So how can a 1.8 million billion billion billion billion billion billion years become a few minutes?

Introduction

I always find it amusing when someone loses a laptop or a USB stick with some sensitive information, and they say “It’s okay, it was encrypted” … which unfortunately, is far from the truth, as the encryption can be easily broken in most cases. But in a previous blog I outlined how it takes 1.8 million billion billion billion billion billion billion years to find a 256 bit encryption key. So how come we can still crack even the strong encryption? Well it tends to be quite easy, as if you have find out where the key is, you can normally open it up, as humans tend to use weak passwords to save their keys. So if prompted to save your newly created password, which would you choose … “$p7GiLl1%69” or “password”? If the answer to this is “password”, then read on … If it isn’t then you are super-human, and easily a match for any intruder.

You’ve got to store it somewhere …

bob10Like it or not, you’ve got to store your encryption key somewhere, as you’ll need it to decrypt your encrypted content. If you loose your key, you’ll not be able to recover your encrypted data. This can become a particular problem when you encrypt your whole disk drive, as you’ll not be able to even start your computer. So how to you keep it secure? Well we could put it in a secret place, but an intruder could search for this. The method that is normally used, it to protect it with a password. So here is the flaw, it takes a 1.8 million billion billion billion billion billion billion years to find the encryption key, but it can take just a few minutes to find out someones password, as the passwords we use are normally memorable, and are thus found with a standard dictionary. So if an intruder pops-off the key with its protection, they can then run it against a standard dictionary, and crack the key. So protecting keys with a simple password, it a bit like having a high quality security systems, and leaving the key to it under the plant pot.

It’s on a certificate

The place to find encryption keys is normally the certificate store, and the important one to find is the digital certificate which contains the private key. Thus even if we use top quality encryption, the certificate itself can be cracked with a dictionary attack. In this video I show how we can break a certificate with a password:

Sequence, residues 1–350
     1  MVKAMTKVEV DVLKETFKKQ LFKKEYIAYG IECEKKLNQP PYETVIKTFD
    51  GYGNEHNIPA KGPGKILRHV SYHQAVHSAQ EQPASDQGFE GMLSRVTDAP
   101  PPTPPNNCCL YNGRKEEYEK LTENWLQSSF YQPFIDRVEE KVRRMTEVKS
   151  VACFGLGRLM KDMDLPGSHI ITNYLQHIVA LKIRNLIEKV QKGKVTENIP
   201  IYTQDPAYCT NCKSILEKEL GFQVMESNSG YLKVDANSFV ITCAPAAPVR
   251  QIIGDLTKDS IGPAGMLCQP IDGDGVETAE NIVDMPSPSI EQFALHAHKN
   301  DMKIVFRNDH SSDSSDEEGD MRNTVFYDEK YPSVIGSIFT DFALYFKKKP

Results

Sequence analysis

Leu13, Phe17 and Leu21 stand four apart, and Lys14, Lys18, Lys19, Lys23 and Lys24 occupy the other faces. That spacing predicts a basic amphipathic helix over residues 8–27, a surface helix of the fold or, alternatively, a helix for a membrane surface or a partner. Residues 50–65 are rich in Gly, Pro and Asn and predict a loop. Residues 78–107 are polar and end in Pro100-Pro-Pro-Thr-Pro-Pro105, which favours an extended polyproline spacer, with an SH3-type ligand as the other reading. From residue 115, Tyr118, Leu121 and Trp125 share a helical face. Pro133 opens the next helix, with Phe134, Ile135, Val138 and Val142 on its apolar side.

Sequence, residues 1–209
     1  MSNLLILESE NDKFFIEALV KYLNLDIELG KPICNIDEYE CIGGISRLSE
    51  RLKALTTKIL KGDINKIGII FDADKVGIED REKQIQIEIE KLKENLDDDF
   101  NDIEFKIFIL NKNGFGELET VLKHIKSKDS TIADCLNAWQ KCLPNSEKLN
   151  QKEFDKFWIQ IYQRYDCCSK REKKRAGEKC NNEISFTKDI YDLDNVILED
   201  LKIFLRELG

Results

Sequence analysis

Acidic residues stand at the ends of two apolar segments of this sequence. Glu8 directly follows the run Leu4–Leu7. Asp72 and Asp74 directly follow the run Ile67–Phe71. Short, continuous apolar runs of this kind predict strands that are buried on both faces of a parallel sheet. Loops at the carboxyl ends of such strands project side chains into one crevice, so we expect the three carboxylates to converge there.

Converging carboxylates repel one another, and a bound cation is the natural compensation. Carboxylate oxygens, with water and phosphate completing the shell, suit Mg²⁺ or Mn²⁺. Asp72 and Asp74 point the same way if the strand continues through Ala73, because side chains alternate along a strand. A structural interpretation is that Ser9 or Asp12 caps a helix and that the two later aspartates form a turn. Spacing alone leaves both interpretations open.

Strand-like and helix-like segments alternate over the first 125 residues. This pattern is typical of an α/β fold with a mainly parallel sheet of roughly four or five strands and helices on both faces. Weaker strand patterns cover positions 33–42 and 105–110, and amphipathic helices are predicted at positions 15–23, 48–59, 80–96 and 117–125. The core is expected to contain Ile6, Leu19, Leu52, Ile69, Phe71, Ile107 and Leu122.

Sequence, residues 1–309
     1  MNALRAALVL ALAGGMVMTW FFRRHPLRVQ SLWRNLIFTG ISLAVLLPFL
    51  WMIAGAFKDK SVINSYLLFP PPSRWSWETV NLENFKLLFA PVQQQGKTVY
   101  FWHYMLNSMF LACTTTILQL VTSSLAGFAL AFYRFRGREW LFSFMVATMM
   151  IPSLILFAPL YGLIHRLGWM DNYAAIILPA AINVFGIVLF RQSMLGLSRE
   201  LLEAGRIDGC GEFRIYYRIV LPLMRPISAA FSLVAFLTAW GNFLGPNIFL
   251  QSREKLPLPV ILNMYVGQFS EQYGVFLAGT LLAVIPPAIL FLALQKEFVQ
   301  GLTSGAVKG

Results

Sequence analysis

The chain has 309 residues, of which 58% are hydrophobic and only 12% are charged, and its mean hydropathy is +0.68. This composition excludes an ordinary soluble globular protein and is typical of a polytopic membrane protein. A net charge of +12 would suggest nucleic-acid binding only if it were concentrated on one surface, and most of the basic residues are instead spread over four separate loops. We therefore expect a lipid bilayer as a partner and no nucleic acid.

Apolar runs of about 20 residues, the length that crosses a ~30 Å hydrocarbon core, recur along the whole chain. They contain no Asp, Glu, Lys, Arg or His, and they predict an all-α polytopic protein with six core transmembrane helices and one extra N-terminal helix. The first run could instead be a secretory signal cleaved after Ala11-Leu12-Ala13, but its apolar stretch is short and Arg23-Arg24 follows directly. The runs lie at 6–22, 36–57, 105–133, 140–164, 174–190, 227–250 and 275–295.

If you want to try my certificate cracker, it is here:

http://buchananweb.co.uk/clienttoolkit.zip

and I’ve created an example of reading a digital certificate with a password:

http://www.asecuritysite.com/Encryption/digitalcert2

where the first certificate has a password of apples and the second as battery. Both are easy to guess from a standard dictionary. With the advent of cloud-based systems, the concept of distributing the cracking over a range of processors becomes so much easier. So to crack an encryption key with purely brute force … almost impossible! … to determine it from a container which is protected by a password … simple … to determine the a source which is based on a phase phrase … just as simple! I often to surveys of audience at conferences, and you would be amazed how many people say they use the name of their pet, or their favorite football team, or the name of someone in their family, all of which are normally easy to guess.

Conclusions

Well we’ve just seen that it’s passwords that’s the problem. Is your password secure from a dictionary attack? Well most people use a fairly simple password, so that they can remember it. So forget about the size of your keys, and the methods used, it is likely that it is the certificate that causes the problems. In fact, it may be the Windows password that will compromise the whole system.

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